IV. Requirement of Accompanying Physical Injury

Defendant seeks summary judgment on the basis that no plaintiff suffered a sufficient physical injury to permit recovery for negligent infliction of emotional distress. “It has long been the general rule in Kansas that there can be no recovery for emotional distress suffered by the plaintiff which is caused by the negligence of the defendant unless it is accompanied by or results in physical injury to the plaintiff.” Hoard v. Shawnee Mission Med. Ctr., 233 Kan. 267, 274 (1983).

Defendant relies on the Kansas Supreme Court’s statement in Hoard (repeated in later cases) that “[c]ase law requires that the physical injuries must directly result from the emotional distress allegedly caused by the defendant’s negligence, and must appear within a short span of time after the emotional disturbance.” See Id . at 279 (emphasis in original). Defendant argues from that statement that the qualifying physical injuries must have resulted from the claimed emotional distress, and it further argues that, although plaintiffs have alleged physical injuries from abuse by other students, those injuries were not caused by the emotional distress.

The Court rejects this argument by defendant. The rule as stated in Hoard and as repeated in other cases is that there must be physical injury that results from the emotional distress or that accompanies the emotional distress. See Id . at 274. In Hoard, there was no evidence of accompanying physical injury, and the court stressed that any later physical injury cannot be too remote but must have resulted directly from the emotional distress and within a short time period. See Id . at 275-79. If a resulting physical injury is required in all cases, there would have been no reason for the court to include within the rule the alternative of an accompanying physical injury.

Moreover, permitting the alternative showing of an accompanying physical injury satisfies the rule’s rationale of addressing the fact that the temporary emotion of fright “is so evanescent a thing, so easily counterfeited, and usually so trivial.” See Id . at 724 (quoting Prosser, Law of Torts § 54 (4th ed. 1971)). The concern is permitting liability for merely negligent conduct that causes only emotional harm. The fact that a negligent act causes physical injury as well provides the additional assurance that the overall effect on the plaintiff was sufficiently substantial to permit the possibility that the plaintiff actually suffered real emotional distress.

Defendant has not cited any case in which the court rejected a claim for negligent infliction of emotional distress because plaintiff’s physical injury merely accompanied but was not caused by the emotional distress. Indeed, plaintiffs commonly are permitted to claim both physical and emotional injuries in a typical negligence case. For instance, in Hough v. Atchison, Topeka and Santa Fe Railway Co., 133 Kan. 757 (1931)—the first case cited by the Hoard court in support of the general rule, see Hoard, 233 Kan. at 274—the supreme court held that the general rule that purely mental damages are not recoverable in a negligence case did not preclude recovery there because the plaintiff had suffered physical injuries from being struck by a train. See Hough, 133 Kan. at 762. In St. Clair v. Denny, 245 Kan. 414 (1989), the Kansas Supreme Court, after quoting the general rule from Hoard, noted that “Kansas cases discussing recovery for emotional distress all appear to involve either prior or contemporaneous physical injury.” See Id . at 423 (emphasis added).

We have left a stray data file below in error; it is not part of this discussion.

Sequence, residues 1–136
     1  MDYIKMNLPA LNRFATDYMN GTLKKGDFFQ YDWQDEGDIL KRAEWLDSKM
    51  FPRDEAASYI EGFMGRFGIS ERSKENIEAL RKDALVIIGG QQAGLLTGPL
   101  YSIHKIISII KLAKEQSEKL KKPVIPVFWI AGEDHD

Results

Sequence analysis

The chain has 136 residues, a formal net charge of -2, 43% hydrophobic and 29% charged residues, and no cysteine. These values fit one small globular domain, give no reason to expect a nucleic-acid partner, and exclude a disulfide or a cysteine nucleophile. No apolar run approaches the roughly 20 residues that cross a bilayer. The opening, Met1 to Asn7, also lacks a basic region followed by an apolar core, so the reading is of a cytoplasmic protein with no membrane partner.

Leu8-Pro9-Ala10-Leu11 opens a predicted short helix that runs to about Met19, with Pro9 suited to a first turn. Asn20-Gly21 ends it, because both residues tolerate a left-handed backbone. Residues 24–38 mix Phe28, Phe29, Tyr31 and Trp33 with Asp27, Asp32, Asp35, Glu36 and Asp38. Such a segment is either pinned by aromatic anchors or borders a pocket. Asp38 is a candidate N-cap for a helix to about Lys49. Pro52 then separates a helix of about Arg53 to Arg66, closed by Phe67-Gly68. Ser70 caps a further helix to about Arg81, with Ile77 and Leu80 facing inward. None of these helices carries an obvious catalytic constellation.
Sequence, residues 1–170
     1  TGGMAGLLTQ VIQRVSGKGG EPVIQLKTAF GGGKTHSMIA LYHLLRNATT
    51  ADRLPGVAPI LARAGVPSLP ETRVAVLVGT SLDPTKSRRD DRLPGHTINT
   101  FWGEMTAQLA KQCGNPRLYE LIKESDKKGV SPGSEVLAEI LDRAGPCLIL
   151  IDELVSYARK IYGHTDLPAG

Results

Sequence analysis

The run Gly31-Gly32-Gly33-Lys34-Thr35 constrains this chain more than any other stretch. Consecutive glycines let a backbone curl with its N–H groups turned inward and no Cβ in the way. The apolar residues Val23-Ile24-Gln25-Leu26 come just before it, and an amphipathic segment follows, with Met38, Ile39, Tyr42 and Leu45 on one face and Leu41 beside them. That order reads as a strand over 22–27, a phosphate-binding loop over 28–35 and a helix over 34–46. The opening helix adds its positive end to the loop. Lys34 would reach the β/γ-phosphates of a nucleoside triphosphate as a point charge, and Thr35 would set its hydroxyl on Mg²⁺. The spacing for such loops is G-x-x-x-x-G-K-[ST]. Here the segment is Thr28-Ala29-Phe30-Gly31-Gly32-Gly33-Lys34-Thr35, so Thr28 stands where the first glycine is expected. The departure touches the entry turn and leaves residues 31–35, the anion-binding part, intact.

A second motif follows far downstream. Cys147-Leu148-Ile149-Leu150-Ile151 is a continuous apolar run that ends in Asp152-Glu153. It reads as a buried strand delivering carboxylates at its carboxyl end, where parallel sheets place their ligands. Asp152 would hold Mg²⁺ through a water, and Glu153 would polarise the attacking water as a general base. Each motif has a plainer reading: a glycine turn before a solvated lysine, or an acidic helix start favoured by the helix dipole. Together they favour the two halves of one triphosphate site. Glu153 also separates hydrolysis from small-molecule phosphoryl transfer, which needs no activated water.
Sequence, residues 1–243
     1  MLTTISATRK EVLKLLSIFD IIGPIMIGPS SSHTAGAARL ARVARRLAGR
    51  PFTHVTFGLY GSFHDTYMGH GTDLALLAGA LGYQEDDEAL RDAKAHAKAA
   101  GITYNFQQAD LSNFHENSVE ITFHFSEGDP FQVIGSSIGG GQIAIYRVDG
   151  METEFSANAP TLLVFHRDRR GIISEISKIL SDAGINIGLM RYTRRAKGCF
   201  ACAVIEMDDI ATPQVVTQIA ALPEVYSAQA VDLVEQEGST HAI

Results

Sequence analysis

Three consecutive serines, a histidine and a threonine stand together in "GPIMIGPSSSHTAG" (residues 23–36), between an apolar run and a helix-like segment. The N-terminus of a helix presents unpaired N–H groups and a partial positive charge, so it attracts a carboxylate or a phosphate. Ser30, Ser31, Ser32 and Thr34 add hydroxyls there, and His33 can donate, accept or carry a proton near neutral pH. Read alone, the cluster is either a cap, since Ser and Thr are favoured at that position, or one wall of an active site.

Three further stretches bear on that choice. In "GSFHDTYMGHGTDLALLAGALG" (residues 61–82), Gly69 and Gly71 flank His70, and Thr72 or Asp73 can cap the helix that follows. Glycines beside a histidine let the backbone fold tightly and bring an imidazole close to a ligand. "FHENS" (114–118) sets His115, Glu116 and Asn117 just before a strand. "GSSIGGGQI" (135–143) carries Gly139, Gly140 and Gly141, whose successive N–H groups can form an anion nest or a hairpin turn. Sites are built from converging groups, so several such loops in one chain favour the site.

Accordingly, the Court rejects defendant’s argument that the required physical injury for a claim of negligent infliction of emotional distress must have resulted from the claimed emotional distress. In addressing this claim, defendant conceded in its reply brief that plaintiffs had alleged physical injuries. In the context of opposing plaintiffs’ negligent supervision claim, however, defendant also argued that a plaintiff may not recover for emotional distress in the absence of physical injury. As explained above, that general statement of Kansas law is correct, as shown, for example, by the application of that rule in Hough and St. Clair, which did not involve claims for negligent infliction of emotional distress, but instead involved general negligence claims.[3] Defendant argues that five plaintiffs did not suffer sufficient physical injuries to allow for recovery for emotional distress based on negligent supervision. The Court thus will address that argument in the context of both of plaintiffs’ claims based on negligence.

Plaintiff J.A. Plaintiffs provided evidence that J.A. was beaten and suffered physical abuse. Defendant notes that J.A. has not claimed any damages for the cost of medical treatment, and it argues that any physical injury was too minor to allow for recovery for emotional distress. In citing and applying the rule requiring a physical injury, however, Kansas courts have not imposed a threshold requiring a physical injury of a certain severity. Defendant also points to the interrogatory in which it asked J.A., in the event that he was “claiming personal injury, ” to identify the part of his body that was injured as a result of the occurrences mentioned in the complaint. In response, J.A. stated that his hand was broken at school “and the continued use of it when it was not to be used exacerbated the injury.” Defendant cites J.A.’s deposition testimony that the broken hand resulted from an incident unrelated to the claims in this suit. The interrogatory answer also referred to the exacerbation of that injury, however, and the answer therefore does not preclude reliance on a physical injury caused by defendant’s conduct. Moreover, the interrogatory’s reference to a “claim” for “personal injury” is ambiguous in this context, and there is evidence that J.A. did suffer physical harm, as required for the recovery of emotional distress, whether or not he is seeking to recover damages specifically for the physical harm (an issue that this Court does not decide).